The X-ray emission of the supernova remnant W49B observed with XMM-Newton
DSM/DAPNIA/Service d'Astrophysique, AIM-UMR 7158, CEA Saclay, 91191 Gif-sur-Yvette Cedex, France e-mail: email@example.com
2 Dipartimento di Scienze Fisiche ed Astronomiche, Sezione di Astronomia, Università di Palermo, Piazza del Parlamento 1, 90134 Palermo, Italy
3 INAF – Osservatorio Astronomico di Palermo, Piazza del Parlamento 1, 90134 Palermo, Italy
4 Department of Physics and Astronomy, Rutgers University, 136 Frelinghuysen Road, Piscataway, NJ 08854-8109, USA
5 Center for Astrophysical Sciences, The Johns Hopkins University, 3400 Charles St., Baltimore MD 21218, USA
6 Laboratory for High Energy Astrophysics, Goddard Space Flight Center, Greenbelt, MD 20771, USA
Accepted: 24 February 2006
Context.In the framework of the study of supernova remnants and their complex interaction with the interstellar medium, we report on an XMM-Newton EPIC observation of the Galactic supernova remnant W49B.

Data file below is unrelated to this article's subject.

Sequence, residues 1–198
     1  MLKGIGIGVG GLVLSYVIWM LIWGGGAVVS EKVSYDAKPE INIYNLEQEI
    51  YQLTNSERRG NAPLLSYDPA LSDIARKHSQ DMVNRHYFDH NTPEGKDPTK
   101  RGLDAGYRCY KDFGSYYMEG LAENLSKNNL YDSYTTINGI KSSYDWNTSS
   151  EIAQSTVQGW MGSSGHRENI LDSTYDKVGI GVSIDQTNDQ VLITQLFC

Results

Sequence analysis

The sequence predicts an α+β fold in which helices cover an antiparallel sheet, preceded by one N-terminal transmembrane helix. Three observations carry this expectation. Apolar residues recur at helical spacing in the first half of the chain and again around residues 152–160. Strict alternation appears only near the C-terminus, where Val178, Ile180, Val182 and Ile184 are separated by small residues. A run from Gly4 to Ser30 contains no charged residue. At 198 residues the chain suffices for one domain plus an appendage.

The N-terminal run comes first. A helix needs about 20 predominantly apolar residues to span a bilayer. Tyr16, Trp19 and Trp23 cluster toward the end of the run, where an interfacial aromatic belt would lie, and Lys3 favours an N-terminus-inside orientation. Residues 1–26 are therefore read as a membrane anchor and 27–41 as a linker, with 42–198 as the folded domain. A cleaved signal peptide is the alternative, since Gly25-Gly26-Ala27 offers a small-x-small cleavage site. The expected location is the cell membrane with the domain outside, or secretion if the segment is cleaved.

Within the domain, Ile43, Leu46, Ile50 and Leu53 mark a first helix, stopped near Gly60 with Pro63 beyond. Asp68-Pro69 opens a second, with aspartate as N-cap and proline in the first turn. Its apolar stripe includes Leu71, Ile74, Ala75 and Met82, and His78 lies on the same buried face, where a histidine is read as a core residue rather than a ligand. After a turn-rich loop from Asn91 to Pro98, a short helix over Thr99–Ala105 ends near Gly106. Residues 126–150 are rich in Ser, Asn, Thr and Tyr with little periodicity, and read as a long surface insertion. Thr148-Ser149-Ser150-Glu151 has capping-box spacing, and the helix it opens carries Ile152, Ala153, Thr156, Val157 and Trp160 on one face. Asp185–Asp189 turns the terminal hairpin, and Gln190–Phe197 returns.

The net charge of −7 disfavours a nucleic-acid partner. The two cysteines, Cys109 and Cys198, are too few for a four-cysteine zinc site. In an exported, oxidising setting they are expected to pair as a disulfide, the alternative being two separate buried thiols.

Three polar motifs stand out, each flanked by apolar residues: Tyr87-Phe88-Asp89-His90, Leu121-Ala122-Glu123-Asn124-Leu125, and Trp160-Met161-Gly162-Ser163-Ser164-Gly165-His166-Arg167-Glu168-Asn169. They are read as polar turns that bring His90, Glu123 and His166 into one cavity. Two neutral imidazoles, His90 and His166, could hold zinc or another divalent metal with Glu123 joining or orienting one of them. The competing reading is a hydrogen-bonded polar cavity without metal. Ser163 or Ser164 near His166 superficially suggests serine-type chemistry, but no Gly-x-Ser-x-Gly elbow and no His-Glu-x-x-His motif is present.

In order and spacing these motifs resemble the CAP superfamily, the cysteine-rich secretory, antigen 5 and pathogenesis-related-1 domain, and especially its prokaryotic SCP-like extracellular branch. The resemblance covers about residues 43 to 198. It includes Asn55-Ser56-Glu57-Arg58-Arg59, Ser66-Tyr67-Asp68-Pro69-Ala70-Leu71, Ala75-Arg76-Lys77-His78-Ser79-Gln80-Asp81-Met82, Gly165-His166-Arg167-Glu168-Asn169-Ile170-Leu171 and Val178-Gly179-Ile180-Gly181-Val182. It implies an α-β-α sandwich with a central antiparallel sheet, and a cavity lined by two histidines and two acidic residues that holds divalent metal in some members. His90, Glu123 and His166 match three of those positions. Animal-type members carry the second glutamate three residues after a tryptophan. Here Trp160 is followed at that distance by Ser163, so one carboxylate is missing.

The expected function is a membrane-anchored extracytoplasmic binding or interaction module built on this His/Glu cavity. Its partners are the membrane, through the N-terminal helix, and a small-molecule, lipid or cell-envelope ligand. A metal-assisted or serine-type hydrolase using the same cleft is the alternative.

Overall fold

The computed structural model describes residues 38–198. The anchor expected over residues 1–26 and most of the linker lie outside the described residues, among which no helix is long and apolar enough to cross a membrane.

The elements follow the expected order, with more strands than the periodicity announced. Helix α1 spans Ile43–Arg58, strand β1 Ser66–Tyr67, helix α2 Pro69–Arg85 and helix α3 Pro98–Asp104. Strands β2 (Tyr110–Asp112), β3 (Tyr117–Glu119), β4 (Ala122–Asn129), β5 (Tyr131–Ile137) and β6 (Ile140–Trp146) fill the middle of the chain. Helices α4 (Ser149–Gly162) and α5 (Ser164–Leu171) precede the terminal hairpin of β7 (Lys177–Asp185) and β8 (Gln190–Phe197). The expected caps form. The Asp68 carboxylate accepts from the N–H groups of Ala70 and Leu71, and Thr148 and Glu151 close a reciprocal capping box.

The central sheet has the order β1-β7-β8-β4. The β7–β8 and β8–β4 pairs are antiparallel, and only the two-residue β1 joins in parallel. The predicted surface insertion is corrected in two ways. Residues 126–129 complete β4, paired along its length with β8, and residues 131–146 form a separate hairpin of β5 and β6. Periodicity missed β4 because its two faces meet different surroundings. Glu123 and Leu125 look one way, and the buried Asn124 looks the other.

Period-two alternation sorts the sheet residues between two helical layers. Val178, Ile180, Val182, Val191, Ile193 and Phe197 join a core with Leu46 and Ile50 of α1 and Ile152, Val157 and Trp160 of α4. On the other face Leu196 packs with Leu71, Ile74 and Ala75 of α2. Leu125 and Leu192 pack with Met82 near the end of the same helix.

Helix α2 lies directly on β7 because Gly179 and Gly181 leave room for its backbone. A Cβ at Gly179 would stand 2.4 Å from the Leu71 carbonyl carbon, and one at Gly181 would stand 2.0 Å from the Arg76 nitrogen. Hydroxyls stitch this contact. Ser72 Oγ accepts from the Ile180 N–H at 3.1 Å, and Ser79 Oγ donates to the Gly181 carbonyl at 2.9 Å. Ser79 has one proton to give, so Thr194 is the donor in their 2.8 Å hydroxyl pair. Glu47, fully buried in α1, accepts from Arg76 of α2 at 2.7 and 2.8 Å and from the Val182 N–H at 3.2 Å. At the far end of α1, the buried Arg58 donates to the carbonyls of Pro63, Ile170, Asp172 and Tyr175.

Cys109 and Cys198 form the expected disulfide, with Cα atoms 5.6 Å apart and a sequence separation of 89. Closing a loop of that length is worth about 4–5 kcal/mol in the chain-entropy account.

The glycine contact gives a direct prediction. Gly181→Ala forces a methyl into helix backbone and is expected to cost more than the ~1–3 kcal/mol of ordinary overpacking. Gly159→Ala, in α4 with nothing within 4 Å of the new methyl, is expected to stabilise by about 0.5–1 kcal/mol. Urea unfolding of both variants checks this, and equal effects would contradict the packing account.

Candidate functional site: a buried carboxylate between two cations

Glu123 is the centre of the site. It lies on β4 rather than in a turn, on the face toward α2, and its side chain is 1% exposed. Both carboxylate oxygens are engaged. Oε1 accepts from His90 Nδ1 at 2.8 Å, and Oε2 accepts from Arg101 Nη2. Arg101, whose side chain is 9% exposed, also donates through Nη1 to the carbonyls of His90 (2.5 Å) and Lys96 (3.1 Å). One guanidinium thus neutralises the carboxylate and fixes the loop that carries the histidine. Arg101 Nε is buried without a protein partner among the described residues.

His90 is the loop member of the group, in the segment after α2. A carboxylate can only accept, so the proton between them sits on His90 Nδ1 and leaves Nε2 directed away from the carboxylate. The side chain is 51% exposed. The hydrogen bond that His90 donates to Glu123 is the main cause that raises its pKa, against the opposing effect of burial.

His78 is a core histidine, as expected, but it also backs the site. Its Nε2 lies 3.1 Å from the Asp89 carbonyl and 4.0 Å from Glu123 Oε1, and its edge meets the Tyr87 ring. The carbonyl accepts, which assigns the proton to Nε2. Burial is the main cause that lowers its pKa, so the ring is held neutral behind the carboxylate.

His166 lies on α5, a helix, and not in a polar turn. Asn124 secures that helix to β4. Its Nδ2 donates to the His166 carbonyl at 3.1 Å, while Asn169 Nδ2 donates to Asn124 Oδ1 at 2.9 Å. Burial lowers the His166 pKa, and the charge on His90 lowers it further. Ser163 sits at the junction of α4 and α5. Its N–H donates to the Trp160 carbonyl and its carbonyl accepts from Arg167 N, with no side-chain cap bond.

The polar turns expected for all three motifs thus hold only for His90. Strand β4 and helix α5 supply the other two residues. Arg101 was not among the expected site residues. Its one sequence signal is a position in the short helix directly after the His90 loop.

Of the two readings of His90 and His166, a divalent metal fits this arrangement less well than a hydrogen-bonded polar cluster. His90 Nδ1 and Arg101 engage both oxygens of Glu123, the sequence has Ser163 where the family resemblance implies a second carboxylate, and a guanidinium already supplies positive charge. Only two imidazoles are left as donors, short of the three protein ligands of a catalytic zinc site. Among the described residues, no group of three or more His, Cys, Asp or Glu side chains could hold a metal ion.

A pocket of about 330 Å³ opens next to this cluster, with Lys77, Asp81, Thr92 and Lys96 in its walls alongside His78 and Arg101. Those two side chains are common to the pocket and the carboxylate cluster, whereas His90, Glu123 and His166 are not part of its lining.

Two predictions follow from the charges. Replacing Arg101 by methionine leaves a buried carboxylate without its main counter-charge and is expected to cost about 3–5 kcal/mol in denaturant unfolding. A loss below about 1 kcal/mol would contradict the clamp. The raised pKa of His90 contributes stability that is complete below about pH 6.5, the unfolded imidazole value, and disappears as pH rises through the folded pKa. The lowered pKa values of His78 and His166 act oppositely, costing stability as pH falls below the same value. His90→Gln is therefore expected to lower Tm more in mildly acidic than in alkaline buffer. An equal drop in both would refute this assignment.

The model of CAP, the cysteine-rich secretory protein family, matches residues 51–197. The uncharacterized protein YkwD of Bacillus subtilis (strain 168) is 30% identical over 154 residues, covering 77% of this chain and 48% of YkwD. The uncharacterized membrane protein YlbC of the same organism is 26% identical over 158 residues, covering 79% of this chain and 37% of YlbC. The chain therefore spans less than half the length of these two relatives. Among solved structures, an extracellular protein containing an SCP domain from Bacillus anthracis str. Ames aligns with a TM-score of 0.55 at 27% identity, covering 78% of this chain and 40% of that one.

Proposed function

Aims.We investigated the spatial distribution of the chemical and physical properties of the plasma, so as to get important constraints on the physical scenario, on the dynamics of the supernova explosion, and on the interaction of the supernova remnant with the ambient interstellar clouds.
Methods.We present line images, equivalent width maps, and a spatially resolved spectral analysis of a set of homogeneous regions.
Results.The X-ray spectrum of W49B is characterized by strong K emission lines from Si, S, Ar, Ca, and Fe. In all the regions studied, the X-ray spectrum is dominated by the emission from the ejecta and there is no indication of radial stratification of the elements. A high overabundance of Ni () is required in the bright central region and the previous detection of Cr and Mn line emission is confirmed. Spectra are described well by two thermal components in collisional ionization equilibrium. We observe spatial variations in the temperature, with the highest temperature found in the east and the lowest in the west.
Conclusions.Our results support a scenario in which the X-ray emission comes from ejecta interacting with a dense belt of ambient material, but another possibility is that the remnant is the result of an asymmetric bipolar explosion with the eastern jet being hotter and more Fe-rich than the western jet. The eastern jet is confined by interaction with ambient molecular clouds. Comparison of the observed abundances with yields for hypernova and supernova nucleosynthesis does not directly support the association of W49B with a γ-ray burst, although it remains possible.
Key words: X-rays: ISM / ISM: supernova remnants / ISM: individual object: W49B
© ESO, 2006